[43] [“Commentary by the Spokeswoman for the Russian Ministry of Foreign Affairs M.V Zakharova in Connection with the Termination of the Activities of the OSC Observer Group at the International Automobile Checkpoints ‘Gukovo’ and ‘Donetsk’ of the Russian-Ukrainian Border,”] Russian MFA, September 3, 2021, https://www.mid dot ru/ru/foreign_policy/news/-/asset_publisher/cKNonkJE02Bw/content/id/4852270.

[44] “Kyiv Demands from Russia to Stop Sending ‘Humanitarian Convoys’ to Donbas,” Kyiv Post, August 12, 2021,

[45] [“Regarding Russia’s Logistical Support of Groups in the Temporarily Occupied Territories of Ukraine,”] Ukrainian Main Intelligence Directorate, December 7, 2020, dot ua/content/shchodo-lohistychnoho-zabezpechennia-rosiieiu-uhrupovan-na-tymchasovo-okupovanykh-terytoriiakh-ukrainy.html; [“The Bodies of 38 Servicemen were Taken from the Donbas to the Russian Federation, and the Militants are being ‘Staffed’ with Prisoners,”] Ukrainskaya Pravda, April 16, 2016, dot ua/news/2016/04/16/7105735/.

[46] [“The Collective Security Council on September 16 in Dushanbe Discussed the Problems of International and Regional Security and their Impact on the Security of the CSTO Member States,”] CSTO, September 16, 2021, https://odkb-csto dot org/news/news_odkb/soobshchenie-dlya-smi-sovet-kollektivnoy-bezopasnosti-16-sentyabrya-v-dushanbe-obsudil-problemy-mezh/; [“Meeting of the Council of Heads of State of the SCO Member States,”] Kremlin, September 17, 2021, http://kremlin dot ru/events/president/news/66706; [“STATEMENT by the Member States of the Collective Security Treaty Organization on the Situation in Afghanistan,”] CSTO, September 15, 2021, https://odkb-csto dot org/documents/statements/zayavlenie-gosudarstv-chlenov-organizatsii-dogovora-o-kollektivnoy-bezopasnosti-o-polozhenii-v-afgan/.

[47] [“DECLARATION of the Collective Security Council of the Collective Security Treaty Organization,”] CSTO, September 16, 2021, https://odkb-csto dot org/documents/accepted-docs/deklaratsiya-soveta-kollektivnoy-bezopasnosti%2016%20sentiabrya%202021%20goda/.

[48] [“Shanghai Cooperation Organization Summit Documents,”] Kremlin, September 17, 2021, http://kremlin dot ru/supplement/5698.


Friday, September 17, 2021

Recent Iranian Proxy Attack in Iraqi Kurdistan Unlikely a Signal for New Escalation

By: Katherine Lawlor

Contributors: Nicholas Carl, Dana Alexander Gray, Zach Coles, and Kitaneh Fitzpatrick

Key Takeaway: The recent Iranian proxy drone attack on Erbil International Airport was likely a stand-alone event and likely does not indicate the immediate resumption of large-scale Iranian proxy attacks on US facilities in Iraq. Iranian proxy militants launched two drones targeting what Iran assessed to be an Israeli intelligence asset at Erbil International Airport in Iraqi Kurdistan on September 11, 2021, possibly triggering an Israeli retaliatory strike on a proxy convoy in Abu Kamal, Syria, on September 14. Iran may have approved this attack after US and Israeli political and military leaders met in recent weeks to discuss their strategies for addressing the threat Iran poses to US, Israeli, and regional security. The 20th anniversary of the 9/11 New York terrorist attacks may have influenced the timing of the attack. Iran will likely maintain its ban on large-scale attacks on US facilities in Iraq until after Iraq’s October 10 elections and possibly until the end of 2021 unless the Iran-Israel escalation cycle spills further into Iraq.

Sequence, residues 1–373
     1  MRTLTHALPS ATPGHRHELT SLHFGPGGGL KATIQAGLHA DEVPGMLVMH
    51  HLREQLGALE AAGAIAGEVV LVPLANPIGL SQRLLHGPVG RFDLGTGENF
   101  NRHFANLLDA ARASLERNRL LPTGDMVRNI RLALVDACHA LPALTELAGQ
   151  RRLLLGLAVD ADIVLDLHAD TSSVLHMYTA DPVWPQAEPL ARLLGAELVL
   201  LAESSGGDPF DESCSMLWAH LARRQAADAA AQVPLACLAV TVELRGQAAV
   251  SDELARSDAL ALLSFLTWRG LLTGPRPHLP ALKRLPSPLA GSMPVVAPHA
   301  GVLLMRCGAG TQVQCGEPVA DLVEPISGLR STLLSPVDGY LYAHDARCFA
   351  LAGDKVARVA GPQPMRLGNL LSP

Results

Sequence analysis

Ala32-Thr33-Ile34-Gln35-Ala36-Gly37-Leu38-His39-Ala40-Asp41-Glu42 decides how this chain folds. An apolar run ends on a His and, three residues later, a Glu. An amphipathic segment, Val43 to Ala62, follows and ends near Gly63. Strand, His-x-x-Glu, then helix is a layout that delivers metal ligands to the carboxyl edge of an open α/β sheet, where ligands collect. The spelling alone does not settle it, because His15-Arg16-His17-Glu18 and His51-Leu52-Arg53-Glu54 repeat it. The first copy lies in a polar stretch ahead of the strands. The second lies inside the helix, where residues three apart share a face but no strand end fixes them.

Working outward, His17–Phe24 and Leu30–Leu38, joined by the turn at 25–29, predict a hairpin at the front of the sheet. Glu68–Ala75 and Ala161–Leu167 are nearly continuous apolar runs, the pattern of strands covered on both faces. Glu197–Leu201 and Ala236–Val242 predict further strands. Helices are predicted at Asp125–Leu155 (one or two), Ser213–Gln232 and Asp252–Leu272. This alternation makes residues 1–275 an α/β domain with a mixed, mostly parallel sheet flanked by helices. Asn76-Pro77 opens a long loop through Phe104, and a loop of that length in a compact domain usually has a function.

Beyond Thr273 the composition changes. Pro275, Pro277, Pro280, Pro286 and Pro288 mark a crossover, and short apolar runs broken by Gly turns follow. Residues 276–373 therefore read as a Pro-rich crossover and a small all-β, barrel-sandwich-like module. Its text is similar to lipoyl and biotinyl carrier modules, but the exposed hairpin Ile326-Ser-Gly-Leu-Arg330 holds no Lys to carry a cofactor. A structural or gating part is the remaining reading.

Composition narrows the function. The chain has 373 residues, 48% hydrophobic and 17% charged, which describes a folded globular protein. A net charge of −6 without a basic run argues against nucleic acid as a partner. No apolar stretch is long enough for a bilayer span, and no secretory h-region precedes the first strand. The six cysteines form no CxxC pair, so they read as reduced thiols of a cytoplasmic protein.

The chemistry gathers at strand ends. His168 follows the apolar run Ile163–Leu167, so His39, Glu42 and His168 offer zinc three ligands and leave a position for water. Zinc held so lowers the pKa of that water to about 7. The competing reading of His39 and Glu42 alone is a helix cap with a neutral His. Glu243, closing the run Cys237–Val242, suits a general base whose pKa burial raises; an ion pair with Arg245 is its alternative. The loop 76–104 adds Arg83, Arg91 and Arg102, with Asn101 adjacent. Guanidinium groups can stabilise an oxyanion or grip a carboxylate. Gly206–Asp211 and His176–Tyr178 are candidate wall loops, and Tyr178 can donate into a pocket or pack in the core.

Iranian proxy militants launched two kamikaze drones toward US forces locations at Erbil International Airport on September 11, 2021, ending their halt of major attacks against US interests in Iraq since late July.[1] The attack caused no damage or injuries. US force protection countermeasures intercepted both drones.[2] An Iranian proxy Telegram channel affiliated with the militia Asa’ib Ahl al-Haq wrote that the attacks were intended to remind the United States of the September 11, 2001, terrorist attacks.[3]  

The September 11 attack was the first Iranian proxy attack on or near US forces in Iraq since July 29.[4] Iran ordered its proxies to cease large-scale attacks on US forces and facilities in Iraq following the US-Iraq Strategic Dialogue in late July.[5] That dialogue ended with a US agreement to withdraw all combat forces from Iraq and transition to a purely advisory mission by the end of the year. The authors forecasted that Iran would order a resumption of attacks either after Iraq’s October 10 parliamentary elections or around the December 2021 deadline for the withdrawal of US combat forces.


Iran likely assessed that its proxies were targeting either an Israeli intelligence asset in the vicinity of the airport or a center for US-Israeli cooperation. Iranian state-run media reported that the attack targeted a Mossad “spy center” at the airport.[6] Iranian proxy Telegram channels associated with Kata’ib Hezbollah also circulated that claim, citing “informed sources.”[7] Iranian officials assess that much of the Israeli threat to Iran’s domestic assets, including its nuclear facilities, emanates from Israeli spy cells in Iraqi Kurdistan. Israel has no public presence inside Iraq and no formal diplomatic relations with the Iraqi state.